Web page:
Unique gene expression mechanism may lead to new virus prevention strategies.
A COLLABORATIVE study involving Kansas State University researchers has discovered a new gene expression mechanism in porcine reproductive and respiratory syndrome (PRRS) virus — an important swine pathogen that costs the U.S. pork industry more than $600 million a year.
The discovery provides a new avenue for scientists to explore strategies to control and prevent the disease, the announcement said.
Dr. Ying Fang, associate professor of diagnostic medicine and pathobiology at Kansas State University, led a study that looked at the unique gene expression mechanism of the PRRS virus. Fang and her colleagues found that a new protein in the virus, nsp2TF, was generated through novel ribosomal frameshifting signals.
The research, "Transactivation of Programmed Ribosomal Frameshifting by a Viral Protein," recently appeared in the Proceedings of the National Academy of Sciences (PNAS).
The study builds on a 2012 PNAS study Fang and her European collaborators conducted while she was at South Dakota State University. In it, the researchers identified the nsp2TF protein in the PRRS virus. The protein is expressed through a new gene expression mechanism called -2 ribosomal frameshifting.
"Frameshifting occurs when a ribosome encounters a 'slippery' sequence and downstream signal in messenger RNA," Fang said. "This causes the ribosome to shift two nucleotides backward, which results in all the genetic codons downstream of the shifted site to be read differently and produce a new protein that has a different function."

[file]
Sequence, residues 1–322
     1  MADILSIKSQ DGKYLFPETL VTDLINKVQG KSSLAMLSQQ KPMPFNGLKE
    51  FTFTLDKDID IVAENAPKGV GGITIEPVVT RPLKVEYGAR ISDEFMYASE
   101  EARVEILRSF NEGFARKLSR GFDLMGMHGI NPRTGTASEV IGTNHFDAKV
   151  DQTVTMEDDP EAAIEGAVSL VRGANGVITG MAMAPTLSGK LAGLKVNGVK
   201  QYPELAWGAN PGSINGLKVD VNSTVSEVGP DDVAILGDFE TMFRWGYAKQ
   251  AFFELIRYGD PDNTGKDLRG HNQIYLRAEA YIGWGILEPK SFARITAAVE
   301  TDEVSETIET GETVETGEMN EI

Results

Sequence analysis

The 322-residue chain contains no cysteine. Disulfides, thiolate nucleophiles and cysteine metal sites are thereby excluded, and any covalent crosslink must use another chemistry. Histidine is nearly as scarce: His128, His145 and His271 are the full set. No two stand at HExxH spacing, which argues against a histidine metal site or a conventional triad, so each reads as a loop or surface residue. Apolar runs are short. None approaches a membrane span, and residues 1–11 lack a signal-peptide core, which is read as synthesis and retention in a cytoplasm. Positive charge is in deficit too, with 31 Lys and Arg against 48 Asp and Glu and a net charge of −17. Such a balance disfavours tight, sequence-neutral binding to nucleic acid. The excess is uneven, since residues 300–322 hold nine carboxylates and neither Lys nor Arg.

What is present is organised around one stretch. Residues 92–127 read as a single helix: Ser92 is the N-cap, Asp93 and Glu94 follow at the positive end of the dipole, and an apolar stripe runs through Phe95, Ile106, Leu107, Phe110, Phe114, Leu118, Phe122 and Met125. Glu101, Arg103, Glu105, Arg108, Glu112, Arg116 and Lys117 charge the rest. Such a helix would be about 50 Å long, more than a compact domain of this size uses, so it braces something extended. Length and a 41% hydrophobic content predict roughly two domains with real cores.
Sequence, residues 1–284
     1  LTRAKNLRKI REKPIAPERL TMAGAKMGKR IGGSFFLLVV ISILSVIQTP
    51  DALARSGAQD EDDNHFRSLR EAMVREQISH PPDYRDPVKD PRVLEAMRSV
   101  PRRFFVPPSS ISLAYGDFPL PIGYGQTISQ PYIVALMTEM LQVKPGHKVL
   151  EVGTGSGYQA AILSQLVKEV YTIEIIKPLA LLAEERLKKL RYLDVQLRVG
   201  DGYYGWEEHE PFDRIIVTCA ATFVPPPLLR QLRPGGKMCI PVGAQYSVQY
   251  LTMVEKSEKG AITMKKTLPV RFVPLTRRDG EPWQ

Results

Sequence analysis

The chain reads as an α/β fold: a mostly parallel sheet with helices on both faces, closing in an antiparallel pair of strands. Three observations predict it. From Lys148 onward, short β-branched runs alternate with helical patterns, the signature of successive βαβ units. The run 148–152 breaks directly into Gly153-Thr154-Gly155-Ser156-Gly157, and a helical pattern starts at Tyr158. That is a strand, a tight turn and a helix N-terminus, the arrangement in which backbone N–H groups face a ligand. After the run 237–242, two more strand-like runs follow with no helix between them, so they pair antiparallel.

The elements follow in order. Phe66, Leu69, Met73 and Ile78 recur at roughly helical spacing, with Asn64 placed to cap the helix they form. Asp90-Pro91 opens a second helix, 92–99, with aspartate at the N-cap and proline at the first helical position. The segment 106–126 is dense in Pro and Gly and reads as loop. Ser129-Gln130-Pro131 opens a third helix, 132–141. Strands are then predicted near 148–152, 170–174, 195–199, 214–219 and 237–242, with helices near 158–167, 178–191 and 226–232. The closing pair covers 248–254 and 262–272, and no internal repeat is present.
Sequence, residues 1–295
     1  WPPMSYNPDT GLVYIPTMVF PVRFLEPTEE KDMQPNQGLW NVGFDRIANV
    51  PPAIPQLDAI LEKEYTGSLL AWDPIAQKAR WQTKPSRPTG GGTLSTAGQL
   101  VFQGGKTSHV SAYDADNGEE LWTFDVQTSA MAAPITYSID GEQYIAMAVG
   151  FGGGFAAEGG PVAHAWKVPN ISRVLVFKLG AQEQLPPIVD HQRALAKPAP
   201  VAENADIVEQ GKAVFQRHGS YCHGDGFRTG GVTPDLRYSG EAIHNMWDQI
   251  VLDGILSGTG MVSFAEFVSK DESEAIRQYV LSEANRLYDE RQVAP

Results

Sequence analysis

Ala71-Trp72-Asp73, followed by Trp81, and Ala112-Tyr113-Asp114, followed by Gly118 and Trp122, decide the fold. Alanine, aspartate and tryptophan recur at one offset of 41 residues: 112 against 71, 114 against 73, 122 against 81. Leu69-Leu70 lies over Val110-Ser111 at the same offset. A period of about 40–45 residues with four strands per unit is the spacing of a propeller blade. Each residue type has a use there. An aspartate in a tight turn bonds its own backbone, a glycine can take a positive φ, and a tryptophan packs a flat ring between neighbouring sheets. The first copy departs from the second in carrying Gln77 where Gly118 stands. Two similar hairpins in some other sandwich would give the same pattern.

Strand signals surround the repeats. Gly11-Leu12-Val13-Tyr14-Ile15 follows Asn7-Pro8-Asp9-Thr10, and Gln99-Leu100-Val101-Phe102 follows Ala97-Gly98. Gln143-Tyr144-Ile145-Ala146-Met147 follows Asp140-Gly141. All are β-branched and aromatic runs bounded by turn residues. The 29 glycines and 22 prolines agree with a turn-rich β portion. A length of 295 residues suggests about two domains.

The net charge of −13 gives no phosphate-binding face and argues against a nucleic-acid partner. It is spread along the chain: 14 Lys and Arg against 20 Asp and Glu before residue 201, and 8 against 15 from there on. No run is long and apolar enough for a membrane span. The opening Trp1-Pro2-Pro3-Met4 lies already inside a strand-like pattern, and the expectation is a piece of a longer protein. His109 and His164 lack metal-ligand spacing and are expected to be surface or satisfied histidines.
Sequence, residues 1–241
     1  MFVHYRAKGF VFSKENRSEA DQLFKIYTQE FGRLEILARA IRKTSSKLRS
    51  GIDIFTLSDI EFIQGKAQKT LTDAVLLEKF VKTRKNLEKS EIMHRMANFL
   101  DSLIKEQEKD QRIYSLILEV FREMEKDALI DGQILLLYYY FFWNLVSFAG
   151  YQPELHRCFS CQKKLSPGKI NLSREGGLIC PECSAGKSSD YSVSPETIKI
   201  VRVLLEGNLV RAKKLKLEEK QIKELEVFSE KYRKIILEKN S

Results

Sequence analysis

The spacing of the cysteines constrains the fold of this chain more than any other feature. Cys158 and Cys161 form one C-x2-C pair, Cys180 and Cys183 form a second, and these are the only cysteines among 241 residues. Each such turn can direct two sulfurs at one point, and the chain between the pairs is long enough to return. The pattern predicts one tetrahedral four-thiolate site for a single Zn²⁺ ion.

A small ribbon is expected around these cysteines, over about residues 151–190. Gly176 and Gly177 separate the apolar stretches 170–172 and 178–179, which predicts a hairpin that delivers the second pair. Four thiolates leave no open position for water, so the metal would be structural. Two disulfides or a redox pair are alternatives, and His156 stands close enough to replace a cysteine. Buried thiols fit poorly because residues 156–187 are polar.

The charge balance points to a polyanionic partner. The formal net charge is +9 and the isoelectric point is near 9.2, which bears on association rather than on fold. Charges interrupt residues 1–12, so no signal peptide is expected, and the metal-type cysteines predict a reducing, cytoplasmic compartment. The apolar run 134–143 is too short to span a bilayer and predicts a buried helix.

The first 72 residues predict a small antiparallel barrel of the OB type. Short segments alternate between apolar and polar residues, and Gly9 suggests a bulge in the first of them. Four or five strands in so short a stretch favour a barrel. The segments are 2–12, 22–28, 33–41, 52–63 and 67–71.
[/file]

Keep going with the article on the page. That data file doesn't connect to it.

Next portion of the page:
With the most recent study, the researchers have shown that this -2 frameshifting requires a PRRS virus protein, nsp1beta. It is the first time a virus's genetic mechanism has been found to require the action of a transacting viral protein rather than an RNA structure to induce a ribosomal frameshifting, which is novel in the protein translation field, the announcement said.
The function of the nsp2TF protein is currently under investigation, Fang said. The protein contains a genetic element that may be responsible for suppressing the pig's immune system.
The newly identified ribosomal frameshifting mechanism may provide an additional antiviral target. Fang's research lab cloned the PRRS virus and then genetically engineered nsp2TF protein knockout viruses.
"These knockout viruses could be potentially used to develop vaccines," Fang said. "Additionally, this novel mechanism of gene expression may also be used by other viruses or in cellular gene expression."